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April 23, 2001

Doc Hollywood comes to town

By Eric Rangus


First Neil Shulman wrote a book. Then Michael J. Fox made a movie. Now, close to two dozen members of the Emory community will bring Doc Hollywood: The Musical to the stage.

For one night only—Monday, April 30 at 8 p.m. at Variety Playhouse in Little Five Points—a cast of 22 will present a staged reading of an original work based on Shulman’s 1978 novel What? Dead ... Again?

“It’ll be as close to a full musical production as we can get without sets, props and costumes,” quipped Travis Sentell, an Emory College senior who co-wrote the play with fellow senior Adam Roberts. Joshua Tarkan, a fourth-year medical student, wrote the music and lyrics. Senior J.C. Aevaliotis and junior Taylor Dooley will co-direct.

The performance, in other words, won’t be stagnant. The players will move about the stage, and there will be music and lighting cues.

And a wide variety of extras are planned. “We’re going to give out vegetables to everyone who attends!” exclaimed Shulman, who has been passionately promoting the play around campus. “And we’re having kids dressed as vegetables for the event.”

This salute to veganism is grounded in the plot, as Dr. Ben Stone, the play’s protagonist (played by Allen Read ’00C) meets his love interest at the Veggie Parade.

Tickets are $15 and are available at Ticketmaster outlets. All proceeds will be donated to Worldplay Inc., an organization that celebrates children around the world who make toys that are related to their cultures from common items. For $50, ticket buyers can attend a post-musical reception. For more ticket information, Shulman can be contacted directly at 404-321-0126 or

Shulman, associate professor of medicine contacted Sentell last September and asked him to write a play based on his book. Sentell then contacted Roberts—the two are acquainted through their work with Rathskeller, a student improv group—who started writing some songs.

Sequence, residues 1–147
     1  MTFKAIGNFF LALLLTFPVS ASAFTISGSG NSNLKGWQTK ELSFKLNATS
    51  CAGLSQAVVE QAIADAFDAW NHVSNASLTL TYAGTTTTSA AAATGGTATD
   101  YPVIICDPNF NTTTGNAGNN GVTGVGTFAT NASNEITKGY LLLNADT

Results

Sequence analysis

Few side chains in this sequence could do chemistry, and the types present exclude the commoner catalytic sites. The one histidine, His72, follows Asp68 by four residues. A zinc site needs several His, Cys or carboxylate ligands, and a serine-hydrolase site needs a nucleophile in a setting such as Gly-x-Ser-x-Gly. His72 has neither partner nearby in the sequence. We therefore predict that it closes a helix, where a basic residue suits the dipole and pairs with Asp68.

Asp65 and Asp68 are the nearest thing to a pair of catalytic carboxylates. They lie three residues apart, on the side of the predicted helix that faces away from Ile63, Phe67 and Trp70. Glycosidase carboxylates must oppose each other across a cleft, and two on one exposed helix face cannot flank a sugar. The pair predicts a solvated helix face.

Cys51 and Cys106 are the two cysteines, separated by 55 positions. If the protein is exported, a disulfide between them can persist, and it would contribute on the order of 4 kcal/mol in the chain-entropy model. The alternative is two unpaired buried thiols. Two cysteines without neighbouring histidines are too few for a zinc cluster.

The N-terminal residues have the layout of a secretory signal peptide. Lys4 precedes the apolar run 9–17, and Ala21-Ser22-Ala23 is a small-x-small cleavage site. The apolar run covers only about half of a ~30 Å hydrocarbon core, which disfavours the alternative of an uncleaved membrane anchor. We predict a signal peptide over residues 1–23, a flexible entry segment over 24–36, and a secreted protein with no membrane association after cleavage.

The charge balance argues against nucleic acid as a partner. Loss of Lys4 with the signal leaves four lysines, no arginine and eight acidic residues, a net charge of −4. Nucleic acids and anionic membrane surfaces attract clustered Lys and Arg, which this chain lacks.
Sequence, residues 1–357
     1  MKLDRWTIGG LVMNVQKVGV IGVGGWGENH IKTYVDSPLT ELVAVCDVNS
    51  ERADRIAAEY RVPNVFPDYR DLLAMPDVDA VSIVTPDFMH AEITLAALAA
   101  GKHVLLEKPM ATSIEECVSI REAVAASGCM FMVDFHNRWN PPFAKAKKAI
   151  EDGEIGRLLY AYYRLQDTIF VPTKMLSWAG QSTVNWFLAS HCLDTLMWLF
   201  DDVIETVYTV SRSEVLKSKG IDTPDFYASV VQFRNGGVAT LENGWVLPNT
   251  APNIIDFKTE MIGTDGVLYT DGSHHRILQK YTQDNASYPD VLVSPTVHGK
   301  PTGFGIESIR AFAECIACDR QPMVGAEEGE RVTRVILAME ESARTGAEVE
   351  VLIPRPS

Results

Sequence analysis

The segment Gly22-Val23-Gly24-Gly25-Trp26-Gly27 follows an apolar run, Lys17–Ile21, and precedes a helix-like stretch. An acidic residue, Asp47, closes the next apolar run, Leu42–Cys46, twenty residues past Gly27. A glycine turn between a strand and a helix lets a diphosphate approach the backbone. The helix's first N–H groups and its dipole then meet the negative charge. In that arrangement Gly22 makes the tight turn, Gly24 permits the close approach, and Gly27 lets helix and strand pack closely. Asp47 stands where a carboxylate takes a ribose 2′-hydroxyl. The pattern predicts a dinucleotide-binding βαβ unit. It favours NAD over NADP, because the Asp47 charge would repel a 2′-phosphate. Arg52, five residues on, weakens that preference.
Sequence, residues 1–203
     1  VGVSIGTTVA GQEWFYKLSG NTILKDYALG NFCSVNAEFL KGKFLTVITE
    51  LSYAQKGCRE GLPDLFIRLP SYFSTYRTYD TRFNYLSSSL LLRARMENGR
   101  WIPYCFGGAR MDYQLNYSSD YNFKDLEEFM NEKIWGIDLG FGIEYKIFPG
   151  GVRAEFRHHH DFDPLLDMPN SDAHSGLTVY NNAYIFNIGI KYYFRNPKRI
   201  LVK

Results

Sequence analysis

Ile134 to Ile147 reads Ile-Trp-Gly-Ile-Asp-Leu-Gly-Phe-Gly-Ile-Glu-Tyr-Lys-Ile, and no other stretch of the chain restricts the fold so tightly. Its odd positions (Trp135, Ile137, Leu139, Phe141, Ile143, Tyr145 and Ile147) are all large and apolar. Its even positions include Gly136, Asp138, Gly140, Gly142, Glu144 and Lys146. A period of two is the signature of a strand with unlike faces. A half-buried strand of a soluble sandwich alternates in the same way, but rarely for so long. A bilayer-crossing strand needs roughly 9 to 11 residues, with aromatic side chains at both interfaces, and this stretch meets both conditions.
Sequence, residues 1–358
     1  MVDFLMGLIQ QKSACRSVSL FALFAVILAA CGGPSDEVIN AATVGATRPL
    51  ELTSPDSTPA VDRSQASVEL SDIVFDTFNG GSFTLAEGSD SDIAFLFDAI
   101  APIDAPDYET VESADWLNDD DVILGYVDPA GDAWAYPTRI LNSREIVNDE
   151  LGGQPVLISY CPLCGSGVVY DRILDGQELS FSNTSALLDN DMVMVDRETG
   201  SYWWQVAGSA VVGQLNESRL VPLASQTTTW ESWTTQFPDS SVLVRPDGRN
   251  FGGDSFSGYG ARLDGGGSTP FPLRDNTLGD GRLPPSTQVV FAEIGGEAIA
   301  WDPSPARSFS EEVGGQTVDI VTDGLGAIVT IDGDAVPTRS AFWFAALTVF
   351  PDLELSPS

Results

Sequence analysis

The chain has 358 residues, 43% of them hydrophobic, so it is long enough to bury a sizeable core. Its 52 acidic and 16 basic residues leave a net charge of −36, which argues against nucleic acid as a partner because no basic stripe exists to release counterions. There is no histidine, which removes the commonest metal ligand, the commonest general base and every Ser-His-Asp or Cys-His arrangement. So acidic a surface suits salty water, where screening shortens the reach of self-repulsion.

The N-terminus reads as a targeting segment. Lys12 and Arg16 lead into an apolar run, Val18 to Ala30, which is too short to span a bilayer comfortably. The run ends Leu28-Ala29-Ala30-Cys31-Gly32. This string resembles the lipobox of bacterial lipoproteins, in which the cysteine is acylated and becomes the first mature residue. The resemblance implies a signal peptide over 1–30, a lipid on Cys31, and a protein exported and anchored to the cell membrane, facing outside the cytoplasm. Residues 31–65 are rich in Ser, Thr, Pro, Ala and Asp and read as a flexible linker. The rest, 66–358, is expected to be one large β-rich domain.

Because they didn’t have rights to the movie script, Sentell first tried to adapt the book directly to the stage, but that turned out to be a mistake. Only when Sentell reacquainted himself with the film did things start coming together.

“What I did is I took ideas from both places and put them together, so the play kind of went in a third direction,” Sentell said. “Logistically, it’s completely different than the book or the movie.”

While themes from each work are present in the musical, not a word of dialogue from either the book or movie made it into the musical. The gist of the story (big city doctor finds true happiness in the rural South) remains intact.

The musical’s 22 songs came about a bit differently. In December, Sentell and Roberts got in touch with Tarkan for some help with medical terminology. His role expanded quickly. Tarkan, Rathskellar’s piano player as an undergraduate, was no stranger to musicals, having written seven songs for a staging of Willy Wonka and the Chocolate Factory in 1996.

So with Sentell writing the dialogue, Tarkan the songs, and Roberts working as a swingman providing ideas and revisions to both, the project chugged along and was ready for the stage this spring.

“Working with Josh and Adam has been very interesting,” Sentell said. “Josh and I have to be on exactly the same page. We really had to trust each other so the book would play off the music and the music would play off the book.

“He really was the perfect person for the show,” Sentell continued. “He rhymes ‘gastroenteritis’ with ‘acute appendicitis.’ Who else does that?”


Back to Emory Report April 23, 2001